Of Boards (1921)

Of Boards (1921)

Graceful interlude at Detroit was the quite unexpected presentation of a loving cup to Miss Ovington, Chairman of the Board, and of a travelling bag to the Secretary, Mr. Johnson, as a token of appreciation by the Branches of their work for the Association.

The writer has spent all his life working for boards—boards of trustees, boards of directors and committees—during which time he himself has usually been a member of some board, some committee or some faculty. He appreciates vividly, therefore, the advantages and disadvantages and the difficulties of this mode of human government, for such it is. In the future, in increasing degree, industry, social control and political government are going to be carried on by this method of democracy, and perhaps we ought to be more seriously preparing for it and adjusting our canons of praise and blame; especially when it is as conspicuously successful as in the case of the N.A.A.C.P. and its two chief executive officers, Miss Ovington and Mr. Johnson.

We should examine the reasons for success and the pitfalls of failure. Board members rather easily and obviously differentiate themselves into the quite careless and the over-zealous classes. The one regards his membership on the board as an indiscretion or a joke; the other mistakes himself for the executive officer whom the board is supposed to control.

If the board inclines to the first type and the executive officer is strong and resourceful, your organization becomes a kind of successful monarchy with the board as a sort of honorary Privy Council. In the other case the executive officer becomes a chief clerk and the board a real executive, working usually through committees. However successful this method may be for a time, it suffers from lack of continuity in policy, lack of foresight, and it usually ends in the rather curt dismissal of the unoffending executive officer.

Between these extremes stretch the usual boards of directors, and the success of the organization depends upon the relationship that comes to be established between the board and its executives.

Most often the board fails in efficiency because through absences different boards really meet in the different months and, with curious insouciance, one meeting will inaugurate a policy which the other meeting will entirely overturn. Or again, boards naturally dislike responsibility and indeed can only with difficulty carry responsibility, especially for the raising of funds and the laying down of principles and future lines of work. They are apt to fail in prescience, in the far look ahead and especially in their reception of new and unusual ideas. They naturally seek quickly a fixed program of work and a routine.

Opposed to these tendencies, in a sense, stand the executives, and, because they are thus opposed, their position and tenure of office are apt to be in jeopardy. They see through a thousand eyes new calls, new changes, new ideas, exceedingly difficult to explain in the routine of an hour’s meeting. They find responsibilities thrust upon them which they dare not evade and yet have insufficient power to bear; however, out of all this, if the organization is successful, there comes the kind of balance which is the ideal of real democracy; an executive trusted, free within wide bounds, unhampered and yet in the end controlled by sympathetic men of less technical but more general knowledge than the executives, who are kept in constant touch with his problems and form real counselors, willing at his word to assume even great personal responsibility.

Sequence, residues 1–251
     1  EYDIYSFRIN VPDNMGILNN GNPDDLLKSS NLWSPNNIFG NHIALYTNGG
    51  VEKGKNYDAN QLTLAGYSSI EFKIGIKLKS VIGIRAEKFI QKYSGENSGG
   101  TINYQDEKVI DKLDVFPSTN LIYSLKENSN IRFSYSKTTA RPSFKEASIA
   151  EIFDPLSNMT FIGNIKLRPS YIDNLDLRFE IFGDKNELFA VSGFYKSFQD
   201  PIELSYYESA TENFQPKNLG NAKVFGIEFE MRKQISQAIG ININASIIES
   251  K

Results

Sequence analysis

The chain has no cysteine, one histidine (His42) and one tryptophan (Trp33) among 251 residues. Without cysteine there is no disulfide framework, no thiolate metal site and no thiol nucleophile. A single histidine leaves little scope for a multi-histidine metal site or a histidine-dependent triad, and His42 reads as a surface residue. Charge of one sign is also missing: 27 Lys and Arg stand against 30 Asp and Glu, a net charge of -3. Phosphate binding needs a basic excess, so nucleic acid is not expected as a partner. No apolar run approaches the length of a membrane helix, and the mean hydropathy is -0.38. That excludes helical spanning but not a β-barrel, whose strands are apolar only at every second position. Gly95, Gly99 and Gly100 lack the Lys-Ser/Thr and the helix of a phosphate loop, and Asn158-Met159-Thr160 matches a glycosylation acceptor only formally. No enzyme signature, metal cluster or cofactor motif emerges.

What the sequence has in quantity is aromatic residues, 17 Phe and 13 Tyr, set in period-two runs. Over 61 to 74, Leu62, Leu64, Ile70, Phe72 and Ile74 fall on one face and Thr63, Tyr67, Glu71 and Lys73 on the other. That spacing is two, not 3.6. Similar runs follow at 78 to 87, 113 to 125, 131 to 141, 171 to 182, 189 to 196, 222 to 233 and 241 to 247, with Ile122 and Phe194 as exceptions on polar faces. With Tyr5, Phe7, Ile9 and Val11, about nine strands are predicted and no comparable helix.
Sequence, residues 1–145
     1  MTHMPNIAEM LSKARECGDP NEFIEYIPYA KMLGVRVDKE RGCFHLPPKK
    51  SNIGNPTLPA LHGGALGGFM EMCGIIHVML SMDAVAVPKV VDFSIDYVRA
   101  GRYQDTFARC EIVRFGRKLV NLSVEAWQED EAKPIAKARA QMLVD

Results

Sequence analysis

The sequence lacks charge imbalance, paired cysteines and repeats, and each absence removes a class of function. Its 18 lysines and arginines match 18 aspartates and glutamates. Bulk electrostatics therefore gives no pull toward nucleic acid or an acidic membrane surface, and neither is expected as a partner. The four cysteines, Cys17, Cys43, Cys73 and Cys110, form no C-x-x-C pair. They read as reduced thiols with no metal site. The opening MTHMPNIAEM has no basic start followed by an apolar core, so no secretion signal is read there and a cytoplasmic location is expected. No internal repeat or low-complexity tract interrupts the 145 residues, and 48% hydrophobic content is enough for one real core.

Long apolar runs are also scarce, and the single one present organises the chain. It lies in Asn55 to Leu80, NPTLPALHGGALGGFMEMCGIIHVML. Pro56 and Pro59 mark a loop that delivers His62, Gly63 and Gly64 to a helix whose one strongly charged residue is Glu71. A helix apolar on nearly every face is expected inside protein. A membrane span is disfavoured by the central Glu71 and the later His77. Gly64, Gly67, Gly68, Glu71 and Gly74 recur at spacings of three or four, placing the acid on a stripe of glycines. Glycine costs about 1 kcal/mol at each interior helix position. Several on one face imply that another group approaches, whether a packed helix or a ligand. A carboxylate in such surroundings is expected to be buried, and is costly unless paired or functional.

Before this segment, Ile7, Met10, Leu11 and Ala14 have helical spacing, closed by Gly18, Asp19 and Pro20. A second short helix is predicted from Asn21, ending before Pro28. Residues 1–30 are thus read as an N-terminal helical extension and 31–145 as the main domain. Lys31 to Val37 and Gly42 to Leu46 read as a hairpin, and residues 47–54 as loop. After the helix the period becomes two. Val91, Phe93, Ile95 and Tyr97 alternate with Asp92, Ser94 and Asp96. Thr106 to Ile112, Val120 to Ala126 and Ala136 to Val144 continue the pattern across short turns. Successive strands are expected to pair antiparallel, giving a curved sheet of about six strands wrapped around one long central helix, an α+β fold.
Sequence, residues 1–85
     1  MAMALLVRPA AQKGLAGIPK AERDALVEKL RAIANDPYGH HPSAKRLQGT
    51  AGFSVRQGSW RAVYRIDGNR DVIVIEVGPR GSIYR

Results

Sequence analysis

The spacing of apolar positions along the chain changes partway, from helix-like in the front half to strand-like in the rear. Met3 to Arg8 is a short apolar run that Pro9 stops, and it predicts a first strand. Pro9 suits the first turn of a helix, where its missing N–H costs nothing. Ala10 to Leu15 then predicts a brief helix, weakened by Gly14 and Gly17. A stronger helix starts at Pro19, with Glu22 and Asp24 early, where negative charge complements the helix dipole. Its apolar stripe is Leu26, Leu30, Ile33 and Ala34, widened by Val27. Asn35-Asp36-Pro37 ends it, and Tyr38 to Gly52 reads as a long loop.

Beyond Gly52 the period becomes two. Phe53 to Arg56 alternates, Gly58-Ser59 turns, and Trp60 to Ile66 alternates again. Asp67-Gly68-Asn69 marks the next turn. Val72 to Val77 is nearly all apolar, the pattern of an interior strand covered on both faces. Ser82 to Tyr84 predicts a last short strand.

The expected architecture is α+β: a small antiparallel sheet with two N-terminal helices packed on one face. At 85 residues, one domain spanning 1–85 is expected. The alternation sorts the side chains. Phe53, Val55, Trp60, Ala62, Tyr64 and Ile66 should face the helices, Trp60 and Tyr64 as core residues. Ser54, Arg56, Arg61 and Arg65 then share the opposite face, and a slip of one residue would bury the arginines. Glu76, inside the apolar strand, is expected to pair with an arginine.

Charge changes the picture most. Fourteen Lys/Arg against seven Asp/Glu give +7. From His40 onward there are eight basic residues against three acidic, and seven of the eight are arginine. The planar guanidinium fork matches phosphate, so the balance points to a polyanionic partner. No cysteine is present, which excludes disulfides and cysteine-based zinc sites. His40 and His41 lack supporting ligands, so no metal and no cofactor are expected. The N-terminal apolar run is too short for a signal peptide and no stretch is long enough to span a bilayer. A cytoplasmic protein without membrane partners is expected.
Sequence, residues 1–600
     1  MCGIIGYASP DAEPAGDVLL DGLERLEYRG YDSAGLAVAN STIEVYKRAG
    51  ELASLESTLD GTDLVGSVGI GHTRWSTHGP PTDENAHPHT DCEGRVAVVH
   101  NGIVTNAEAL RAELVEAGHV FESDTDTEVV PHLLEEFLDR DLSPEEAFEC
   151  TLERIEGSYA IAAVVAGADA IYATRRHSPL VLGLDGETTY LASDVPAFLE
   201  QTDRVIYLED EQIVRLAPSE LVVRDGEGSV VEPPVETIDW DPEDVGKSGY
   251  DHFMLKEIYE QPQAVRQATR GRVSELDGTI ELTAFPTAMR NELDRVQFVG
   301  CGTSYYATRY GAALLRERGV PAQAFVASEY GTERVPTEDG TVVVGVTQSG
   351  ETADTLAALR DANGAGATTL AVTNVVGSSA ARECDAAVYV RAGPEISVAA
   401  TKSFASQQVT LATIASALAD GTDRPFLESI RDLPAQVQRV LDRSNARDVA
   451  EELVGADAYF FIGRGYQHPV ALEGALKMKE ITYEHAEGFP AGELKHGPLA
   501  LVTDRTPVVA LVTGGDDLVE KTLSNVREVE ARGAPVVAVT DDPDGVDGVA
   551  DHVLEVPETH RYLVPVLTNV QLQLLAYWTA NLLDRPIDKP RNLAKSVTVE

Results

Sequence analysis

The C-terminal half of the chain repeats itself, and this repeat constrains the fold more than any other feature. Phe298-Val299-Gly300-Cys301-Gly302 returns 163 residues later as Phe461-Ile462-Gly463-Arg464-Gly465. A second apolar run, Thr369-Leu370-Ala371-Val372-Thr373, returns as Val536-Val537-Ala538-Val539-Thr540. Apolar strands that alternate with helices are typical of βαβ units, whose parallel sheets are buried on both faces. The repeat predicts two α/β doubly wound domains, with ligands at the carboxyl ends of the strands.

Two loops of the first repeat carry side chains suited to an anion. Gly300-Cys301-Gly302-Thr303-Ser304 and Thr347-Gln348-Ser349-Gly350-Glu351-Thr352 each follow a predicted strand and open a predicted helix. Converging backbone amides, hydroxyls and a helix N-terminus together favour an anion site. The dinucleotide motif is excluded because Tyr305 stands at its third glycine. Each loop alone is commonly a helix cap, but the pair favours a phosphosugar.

For some such accomplishment as this the loving cup was given “To Mary White Ovington, Chairman of the Board of Directors, the National Association for the Advancement of Colored People, from the Branches in token of their love for her and in appreciation of her loyal and courageous service to the cause of Social Justice and Democracy.”

Miss Ovington’s task has been doubly difficult because she is white, a woman, and an unsalaried worker. It is becoming difficult for colored and white people to work together in the modern world because they are beginning to meet upon a different plane. The old plane of Giver and Beggar, while still with us, is passing in its dominance and significance. The new plane of equal social co-worker is hard to establish, because, on the one hand, it is difficult for any white person born in America to think of the Negro as his equal, and on the other hand, it is difficult for a Negro to approach a white person without suspicion and bad manners.

Add to this the fact that men do not easily work with women as equals, that the usual volunteer worker is anathema in a real executive office, and Miss Ovington’s accomplishment in the last few years has been extraordinary.

Mr. Johnson’s work calls for no less praise. Trained as a poet and literary man, but turned in his manhood to important diplomatic work for his country, he found himself in the midst of life suddenly checked in his career because of the race prejudice of the politically dominant South. With the somewhat uneasy acquiescence of his friends and the criticism of others, he then took up an executive work involving tedious details, constant attendance and hard labor. He did this too in succession to one of the best trained social workers in the United States, and at a time of collapse and reconstruction throughout the world. To have pulled the N.A.A.C.P. through this morass into a higher and stronger position was an accomplishment deserving the highest praise. In addition to this, Mr. Johnson has kept up his literary work and accomplished a piece of diplomacy in Haiti which stands as one of the greatest single achievements done in colored America.

Loving cups and travelling bags are very little things, but they mean a lot to the servants of boards of directors.

Citation: Du Bois, W.E.B. 1921. “Of Boards.” The Crisis. 22(5):197–198.